Integrated Flow-Assurance Modeling of the BP Angola Block 18 Western Area Development
- Martin James Watson (FEESA Ltd) | Neil Hawkes (FEESA Ltd) | Paul Frederick Pickering (FEESA Ltd) | Jon Charles Elliott (BP Angola) | Leofric William Studd (BP Exploration Co. Ltd.)
- Document ID
- Society of Petroleum Engineers
- SPE Projects, Facilities & Construction
- Publication Date
- June 2007
- Document Type
- Journal Paper
- 1 - 12
- 2007. Society of Petroleum Engineers
- 4.2.3 Materials and Corrosion, 5.6.8 Well Performance Monitoring, Inflow Performance, 4.2 Pipelines, Flowlines and Risers, 1.1 Well Planning, 7.1.9 Project Economic Analysis, 5.2.1 Phase Behavior and PVT Measurements, 5.7.5 Economic Evaluations, 4.3 Flow Assurance, 5.5 Reservoir Simulation, 1.6 Drilling Operations, 4.6 Natural Gas, 5.6.9 Production Forecasting, 4.5.3 Floating Production Systems, 4.1.1 Process Simulation, 4.3.1 Hydrates, 5.3.2 Multiphase Flow, 4.5 Offshore Facilities and Subsea Systems, 4.1.5 Processing Equipment, 7.1.10 Field Economic Analysis, 4.2.2 Pipeline Transient Behavior, 4.2.4 Risers, 7.1.7 Intergated Asset Management
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As oilfield developments become more challenging and economically challenging, flow assurance has become crucial to the feasibility of projects. Consequently, flow-assurance issues such as hydrates or wax deposition must now be considered early in concept selection. Modern numerical methods, coupled with the latest software engineering techniques, now allow the rigorous calculation of multiphase thermal hydraulic behavior in an integrated asset model (IAM) on time scales acceptable for concept selection.
This paper describes the application of a new IAM tool to analyze options for the development of fields in the western part of BP's Angolan deepwater Block 18. Novel aspects include the embedding of field scheduling rules such that the drilling schedules were predicted automatically from the model. In addition, different field architectures were considered including tubing and pipeline sizes, looping of pipelines and subsea multiphase boosting, and the impact on production rates and drilling schedules was quantified. Furthermore, the option to tie back to the planned Greater Plutonio floating production storage and offloading (FPSO) vessel was also modeled with the forecast ullage profile being imposed on production from the new fields. All calculations were performed using rigorous multiphase thermal-hydraulic models allowing flow-assurance constraints to be analyzed simultaneously.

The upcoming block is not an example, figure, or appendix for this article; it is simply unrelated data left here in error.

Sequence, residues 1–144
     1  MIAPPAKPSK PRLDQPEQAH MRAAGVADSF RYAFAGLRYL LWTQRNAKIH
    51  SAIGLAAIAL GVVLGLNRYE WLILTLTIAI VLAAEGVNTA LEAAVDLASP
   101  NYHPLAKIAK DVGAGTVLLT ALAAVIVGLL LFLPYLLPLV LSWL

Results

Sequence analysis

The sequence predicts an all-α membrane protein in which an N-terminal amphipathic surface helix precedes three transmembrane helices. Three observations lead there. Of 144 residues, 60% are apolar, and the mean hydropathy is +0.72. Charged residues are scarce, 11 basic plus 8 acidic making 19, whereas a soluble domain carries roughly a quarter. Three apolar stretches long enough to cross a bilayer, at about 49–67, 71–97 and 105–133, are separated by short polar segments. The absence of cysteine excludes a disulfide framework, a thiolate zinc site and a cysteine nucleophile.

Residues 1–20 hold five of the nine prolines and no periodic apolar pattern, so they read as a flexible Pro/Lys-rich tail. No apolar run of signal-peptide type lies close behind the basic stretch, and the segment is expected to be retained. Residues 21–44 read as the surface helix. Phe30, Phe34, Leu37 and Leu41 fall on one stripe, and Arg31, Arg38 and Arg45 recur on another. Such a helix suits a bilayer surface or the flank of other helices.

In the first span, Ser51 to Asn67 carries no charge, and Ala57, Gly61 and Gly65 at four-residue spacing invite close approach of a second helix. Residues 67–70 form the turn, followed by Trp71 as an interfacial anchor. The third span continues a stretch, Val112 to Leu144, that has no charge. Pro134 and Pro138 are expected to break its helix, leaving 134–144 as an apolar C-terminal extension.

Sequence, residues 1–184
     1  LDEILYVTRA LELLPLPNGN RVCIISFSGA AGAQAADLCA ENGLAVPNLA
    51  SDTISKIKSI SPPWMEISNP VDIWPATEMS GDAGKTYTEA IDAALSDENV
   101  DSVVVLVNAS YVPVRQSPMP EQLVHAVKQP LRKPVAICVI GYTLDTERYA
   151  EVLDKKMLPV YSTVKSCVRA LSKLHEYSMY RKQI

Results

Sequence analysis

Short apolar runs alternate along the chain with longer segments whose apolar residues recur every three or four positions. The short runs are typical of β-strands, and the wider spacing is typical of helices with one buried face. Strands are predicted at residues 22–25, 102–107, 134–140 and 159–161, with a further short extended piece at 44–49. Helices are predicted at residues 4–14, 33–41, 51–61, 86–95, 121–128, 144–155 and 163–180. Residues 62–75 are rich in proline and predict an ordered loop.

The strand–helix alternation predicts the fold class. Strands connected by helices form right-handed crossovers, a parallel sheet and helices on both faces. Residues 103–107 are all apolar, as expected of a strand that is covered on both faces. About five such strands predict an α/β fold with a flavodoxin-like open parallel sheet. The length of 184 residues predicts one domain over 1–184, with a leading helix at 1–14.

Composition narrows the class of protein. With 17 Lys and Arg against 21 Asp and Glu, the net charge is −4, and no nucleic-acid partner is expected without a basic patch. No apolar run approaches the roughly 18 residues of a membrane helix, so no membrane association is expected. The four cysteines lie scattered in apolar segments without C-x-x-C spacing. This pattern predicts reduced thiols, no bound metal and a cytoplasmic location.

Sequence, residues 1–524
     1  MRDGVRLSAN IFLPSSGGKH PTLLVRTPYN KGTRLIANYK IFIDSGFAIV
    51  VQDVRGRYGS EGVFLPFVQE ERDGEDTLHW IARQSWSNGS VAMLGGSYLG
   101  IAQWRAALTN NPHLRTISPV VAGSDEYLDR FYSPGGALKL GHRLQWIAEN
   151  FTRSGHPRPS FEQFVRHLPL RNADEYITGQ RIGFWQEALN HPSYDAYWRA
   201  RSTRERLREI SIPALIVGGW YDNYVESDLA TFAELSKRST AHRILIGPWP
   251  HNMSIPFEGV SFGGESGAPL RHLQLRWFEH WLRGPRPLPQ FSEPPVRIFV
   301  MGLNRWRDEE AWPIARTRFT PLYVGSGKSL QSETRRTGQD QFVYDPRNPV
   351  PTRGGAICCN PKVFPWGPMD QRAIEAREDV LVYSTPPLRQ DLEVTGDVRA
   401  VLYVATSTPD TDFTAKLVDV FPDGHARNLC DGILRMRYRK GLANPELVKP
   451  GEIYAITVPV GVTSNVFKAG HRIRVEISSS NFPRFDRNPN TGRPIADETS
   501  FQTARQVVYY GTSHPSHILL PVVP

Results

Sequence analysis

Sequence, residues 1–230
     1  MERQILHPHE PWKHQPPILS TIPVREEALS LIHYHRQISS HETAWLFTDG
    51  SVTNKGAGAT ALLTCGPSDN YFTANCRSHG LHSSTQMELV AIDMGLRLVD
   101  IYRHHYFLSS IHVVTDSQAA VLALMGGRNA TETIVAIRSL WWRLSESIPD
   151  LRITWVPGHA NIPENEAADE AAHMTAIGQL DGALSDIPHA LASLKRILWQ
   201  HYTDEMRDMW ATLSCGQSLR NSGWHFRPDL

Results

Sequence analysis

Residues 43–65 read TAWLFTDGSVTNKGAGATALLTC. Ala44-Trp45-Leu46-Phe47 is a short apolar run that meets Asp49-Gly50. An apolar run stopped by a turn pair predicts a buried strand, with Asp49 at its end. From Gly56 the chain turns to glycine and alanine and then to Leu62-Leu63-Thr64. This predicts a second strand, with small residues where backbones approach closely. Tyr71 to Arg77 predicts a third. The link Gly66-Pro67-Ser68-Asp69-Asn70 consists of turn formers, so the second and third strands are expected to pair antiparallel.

In the last 10 years, as oil companies have begun to explore and develop fields in deep and ultradeep waters, numerous flow-assurance issues have come to the fore and have started to drive field concept selection. In particular, problems associated with poor deliverability, thermal performance, and wax/hydrate avoidance have presented challenges that have necessitated special measures such as subsea production boosting and highly insulated production flowlines.
In the early stages of design, during concept selection, it is critical that unworkable development concepts are screened out, leaving only those that are technically feasible. Moreover, because economic feasibility is strongly governed by the achievable production rates and revenues, reliable predictions of the system's deliverability are also essential.
In the past, field-development designers have been somewhat fixated on capital expenditure and to a greater or lesser extent have focused their efforts on modifications to drive down costs. However, while this approach is not unreasonable given the tools available to them, failing to properly quantify the effects of these changes on the system deliverability and, hence, the revenue stream is frequently detrimental, leading to suboptimal designs. This is especially true given the sensitivity of project economics to the production rates achieved in the initial years of production.
This paper describes the application of a new IAM tool, called Maximus, to the selection of development concepts for BP's planned western area evelopment (WAD). This future development is located in Angolan deepwater block 18 approximately 30 km to the west of the planned Greater Plutonio FPSO, and comprises five potential fields.
Owing to the distribution of the fields, WAD presents several flow-assurance challenges. In addition, given the comparatively small reserves base of the five fields, proper assessment of system deliverability was considered essential. Hence, it was decided to screen all reasonable field-development options using the new IAM tool to provide accurate system-deliverability predictions through the lifetime of the project while simultaneously applying various flow-assurance constraints. Thus, it was possible to quantify the effects of a range of system parameters on the production rates and operability of each concept.
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